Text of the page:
Law 656 International Law

Time: TBA

Francis Boyle

Description: The International Law course examines the variety of roles played by law and lawyer in ordering the relations between states and the nationals of states. The course utilizes a number of specialized contexts as a basis for exploring these roles. The contexts include, among others, the status of international law in domestic courts; the efficacy of judicial review by the International Court of Justice; the effort to subsume international economic relations under the fabric of bilateral and multilateral treaties; and the application — or misapplication — of law to political controversies that entail the threat of actual use of force. The course proceeds through an examination of problems selected to illuminate the operation of law within each of these contexts.

Sequence and Prerequisites: None.

Evaluation: Take home exam.

PS 397 Authoritarian Regimes

TR 3:30-4:50

Stephen Chaudoin

Description: Examines the various aspects of the politics in authoritarian regimes: their emergence and breakdown, the policy choices and institutions typically adopted, leadership change, and the theories that explain them. Historical case studies and statistical data will be used to examine real-world cases.

Prerequisite: PS 240 or PS 241; or six hours of Political Sciences credit; or consent of instructor.

RUSS 461 Russia and the Other

TR 3:30-4:50

Valeria Sobol

Description: Interdisciplinary and comparative topics including, but not limited to: Russia and the West, Russia and the East, the Cold War, and post-Soviet cultural studies.

Prerequisite: Russian course at the 200 or 300 level or consent of instructor.

RUSS 465 Russian-Jewish Culture

TR 2:00-3:20

Harriet Murav

Description: Study of Russian-Jewish cultural, social, and political life through literature and film. No Russian required. No long papers. 3 undergraduate hours. 4 graduate hours.

SOC 270 Population Issues

MWF 1:00-1:50

Cynthia Buckley

Description: Examines the current world population situation; the historical and current patterns of birth, death, migration, marriage, contraception, and abortion; and the world food and energy resources, crowding, and problems of overpopulation.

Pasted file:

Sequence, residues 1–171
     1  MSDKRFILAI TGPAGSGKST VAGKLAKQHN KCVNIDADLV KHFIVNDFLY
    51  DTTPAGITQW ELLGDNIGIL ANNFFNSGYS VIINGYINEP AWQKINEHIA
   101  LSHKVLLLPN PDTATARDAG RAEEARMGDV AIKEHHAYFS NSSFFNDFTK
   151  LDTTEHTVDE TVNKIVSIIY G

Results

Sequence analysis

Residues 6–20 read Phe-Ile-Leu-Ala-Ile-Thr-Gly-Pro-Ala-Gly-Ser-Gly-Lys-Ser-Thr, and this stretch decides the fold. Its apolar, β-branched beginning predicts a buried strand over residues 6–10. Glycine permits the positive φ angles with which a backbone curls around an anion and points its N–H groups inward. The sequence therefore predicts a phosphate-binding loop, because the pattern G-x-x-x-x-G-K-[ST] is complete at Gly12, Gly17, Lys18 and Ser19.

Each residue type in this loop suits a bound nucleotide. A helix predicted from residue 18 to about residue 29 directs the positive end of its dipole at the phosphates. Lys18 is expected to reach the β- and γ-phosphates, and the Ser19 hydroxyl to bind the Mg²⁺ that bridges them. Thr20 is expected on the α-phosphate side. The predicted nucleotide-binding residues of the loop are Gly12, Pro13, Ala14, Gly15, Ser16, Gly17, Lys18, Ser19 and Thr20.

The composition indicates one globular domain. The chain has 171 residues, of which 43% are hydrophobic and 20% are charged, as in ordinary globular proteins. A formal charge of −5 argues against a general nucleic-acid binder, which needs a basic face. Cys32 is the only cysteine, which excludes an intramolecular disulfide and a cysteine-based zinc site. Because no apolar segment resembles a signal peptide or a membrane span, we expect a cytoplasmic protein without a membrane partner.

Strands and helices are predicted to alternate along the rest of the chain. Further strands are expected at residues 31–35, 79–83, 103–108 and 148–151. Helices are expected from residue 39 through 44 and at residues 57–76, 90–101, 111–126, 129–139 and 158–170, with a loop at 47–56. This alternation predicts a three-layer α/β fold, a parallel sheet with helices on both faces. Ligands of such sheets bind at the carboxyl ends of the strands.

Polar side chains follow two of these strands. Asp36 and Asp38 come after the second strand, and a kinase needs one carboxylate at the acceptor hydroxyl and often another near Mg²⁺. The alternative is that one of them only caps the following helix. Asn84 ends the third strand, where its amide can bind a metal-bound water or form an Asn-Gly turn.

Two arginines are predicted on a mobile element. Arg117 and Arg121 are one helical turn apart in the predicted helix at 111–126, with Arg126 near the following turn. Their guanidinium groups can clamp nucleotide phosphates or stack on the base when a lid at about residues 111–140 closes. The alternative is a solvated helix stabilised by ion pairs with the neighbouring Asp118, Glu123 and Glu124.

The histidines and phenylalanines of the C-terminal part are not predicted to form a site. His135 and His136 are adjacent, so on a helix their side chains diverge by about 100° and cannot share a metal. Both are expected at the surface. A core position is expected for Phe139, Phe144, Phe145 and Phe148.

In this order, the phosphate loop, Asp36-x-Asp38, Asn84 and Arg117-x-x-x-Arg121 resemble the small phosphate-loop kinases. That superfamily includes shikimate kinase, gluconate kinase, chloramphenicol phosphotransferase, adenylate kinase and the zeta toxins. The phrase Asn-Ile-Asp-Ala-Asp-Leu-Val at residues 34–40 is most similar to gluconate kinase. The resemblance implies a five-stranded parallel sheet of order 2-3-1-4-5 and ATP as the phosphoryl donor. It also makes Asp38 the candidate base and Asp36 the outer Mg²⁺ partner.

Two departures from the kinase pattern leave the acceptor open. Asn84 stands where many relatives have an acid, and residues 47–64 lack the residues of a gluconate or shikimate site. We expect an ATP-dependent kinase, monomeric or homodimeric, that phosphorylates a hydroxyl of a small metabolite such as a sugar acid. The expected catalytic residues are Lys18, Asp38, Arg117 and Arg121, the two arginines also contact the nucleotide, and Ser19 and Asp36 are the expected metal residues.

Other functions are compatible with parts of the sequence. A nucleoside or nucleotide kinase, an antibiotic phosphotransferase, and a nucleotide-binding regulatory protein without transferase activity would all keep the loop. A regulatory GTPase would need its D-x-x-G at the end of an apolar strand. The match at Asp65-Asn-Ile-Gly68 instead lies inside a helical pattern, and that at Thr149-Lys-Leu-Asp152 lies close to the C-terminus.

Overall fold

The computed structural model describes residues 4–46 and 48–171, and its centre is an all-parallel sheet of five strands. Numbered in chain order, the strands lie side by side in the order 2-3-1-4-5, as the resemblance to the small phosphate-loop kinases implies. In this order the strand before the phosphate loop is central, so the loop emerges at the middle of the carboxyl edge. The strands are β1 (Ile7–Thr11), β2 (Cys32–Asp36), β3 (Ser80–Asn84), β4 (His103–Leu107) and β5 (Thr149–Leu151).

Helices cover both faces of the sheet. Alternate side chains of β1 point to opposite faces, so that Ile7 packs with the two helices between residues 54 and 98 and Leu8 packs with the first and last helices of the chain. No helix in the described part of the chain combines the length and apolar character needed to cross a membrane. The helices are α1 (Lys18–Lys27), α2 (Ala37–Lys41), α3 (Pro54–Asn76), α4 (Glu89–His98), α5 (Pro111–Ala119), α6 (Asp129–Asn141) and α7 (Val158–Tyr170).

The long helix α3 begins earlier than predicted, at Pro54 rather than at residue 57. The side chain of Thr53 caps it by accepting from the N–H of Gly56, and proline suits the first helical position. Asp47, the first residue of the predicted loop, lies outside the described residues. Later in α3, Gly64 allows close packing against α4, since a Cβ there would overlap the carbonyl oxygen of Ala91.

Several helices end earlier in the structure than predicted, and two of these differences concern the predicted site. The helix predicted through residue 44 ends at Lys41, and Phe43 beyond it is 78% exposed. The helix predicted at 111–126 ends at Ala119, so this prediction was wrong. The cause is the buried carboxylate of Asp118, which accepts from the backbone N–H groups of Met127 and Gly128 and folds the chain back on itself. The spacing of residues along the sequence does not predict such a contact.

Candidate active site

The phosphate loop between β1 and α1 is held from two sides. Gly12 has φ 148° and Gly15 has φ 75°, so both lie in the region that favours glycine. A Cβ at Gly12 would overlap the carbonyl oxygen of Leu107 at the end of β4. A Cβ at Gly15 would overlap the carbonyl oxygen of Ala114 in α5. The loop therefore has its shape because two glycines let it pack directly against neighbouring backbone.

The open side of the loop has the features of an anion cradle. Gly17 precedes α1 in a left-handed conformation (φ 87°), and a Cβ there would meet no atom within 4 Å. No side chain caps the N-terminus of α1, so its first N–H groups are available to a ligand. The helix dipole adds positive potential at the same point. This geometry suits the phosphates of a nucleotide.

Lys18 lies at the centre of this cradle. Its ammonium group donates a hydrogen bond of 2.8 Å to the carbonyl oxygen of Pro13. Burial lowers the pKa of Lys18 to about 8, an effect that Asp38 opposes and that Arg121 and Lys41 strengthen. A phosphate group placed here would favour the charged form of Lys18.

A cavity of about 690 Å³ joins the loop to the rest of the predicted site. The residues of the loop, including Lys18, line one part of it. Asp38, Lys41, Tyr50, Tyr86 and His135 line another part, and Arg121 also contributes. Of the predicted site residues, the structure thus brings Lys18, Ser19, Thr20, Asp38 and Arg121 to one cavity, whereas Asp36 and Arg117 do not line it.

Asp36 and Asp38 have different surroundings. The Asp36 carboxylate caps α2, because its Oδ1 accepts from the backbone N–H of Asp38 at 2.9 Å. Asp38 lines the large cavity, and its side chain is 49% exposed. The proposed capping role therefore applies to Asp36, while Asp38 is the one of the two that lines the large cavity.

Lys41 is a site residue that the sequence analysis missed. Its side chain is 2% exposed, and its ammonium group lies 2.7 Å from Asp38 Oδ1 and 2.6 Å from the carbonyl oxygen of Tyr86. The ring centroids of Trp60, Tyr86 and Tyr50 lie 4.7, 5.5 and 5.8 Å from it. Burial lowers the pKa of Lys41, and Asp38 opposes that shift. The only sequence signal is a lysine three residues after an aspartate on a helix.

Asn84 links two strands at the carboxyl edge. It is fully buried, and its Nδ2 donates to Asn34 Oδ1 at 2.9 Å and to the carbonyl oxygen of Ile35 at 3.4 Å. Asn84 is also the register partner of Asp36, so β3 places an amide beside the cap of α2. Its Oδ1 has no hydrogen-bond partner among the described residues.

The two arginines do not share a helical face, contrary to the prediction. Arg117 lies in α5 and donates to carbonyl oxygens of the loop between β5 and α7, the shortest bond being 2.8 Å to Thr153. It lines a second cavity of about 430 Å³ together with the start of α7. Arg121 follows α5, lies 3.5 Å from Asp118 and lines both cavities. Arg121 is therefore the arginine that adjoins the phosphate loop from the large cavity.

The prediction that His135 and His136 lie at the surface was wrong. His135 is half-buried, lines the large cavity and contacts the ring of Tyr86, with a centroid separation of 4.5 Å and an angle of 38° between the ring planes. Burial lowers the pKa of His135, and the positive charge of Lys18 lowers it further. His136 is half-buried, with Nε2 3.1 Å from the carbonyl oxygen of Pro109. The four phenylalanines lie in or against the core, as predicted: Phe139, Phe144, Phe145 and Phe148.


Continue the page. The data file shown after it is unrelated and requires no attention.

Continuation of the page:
Noontime Scholars Lecture: Kirill Maslinsky, “The Trace of the ‘Thaw’ in the Emotional Palette of Soviet Children’s Literature”

Kirill Maslinsky

Kirill Maslinsky, Fulbright Fellow at Illinois Wesleyan University and a Visiting Professor at the Higher School of Economics in Moscow, gave the REEEC Noontime Scholars Lecture entitled “The Trace of the ‘Thaw’ in the Emotional Palette of Soviet Children’s Literature” on February 21. He presented an innovative approach to studying literature through machine learning tools and language processing. Maslinsky focused on the “Thaw” under Nikita Khrushchev, which has received renewed attention in Russian cultural studies, and how that period shaped the emotions depicted in Soviet children’s literature.

In the 1950s, two opposing camps formed within children’s literature over the issue of sincerity. The divide was instigated by Vladimir Pomerantsev, who argued in his article “On Sincerity in Literature” (1953) that literature for children should eliminate all real conflict and show no dark sides to life. His view aligned more with Anatoly Aleksin’s short story “Two Presents” (1952), in which a five-year-old child comes to understand what production is and feels joy about it. However, other scholars viewed the “Thaw” as a period of instability and contested ideas that should be depicted in children’s literature. Lidiia Chukovskaya wrote the essay “Rotten Tooth” to voice her doubts about the sincerity of emotions shown in children’s literature. She believed that the emotions portrayed were false. In her essay, she used the metaphor of the rotten tooth to argue that any falsehood was a rotten tooth that should be extracted. Another scholar, Alexander Drozdov, also criticized children’s literature from that time period, noting that characters don’t have their own personality and don’t suffer; they never experience any negative emotions.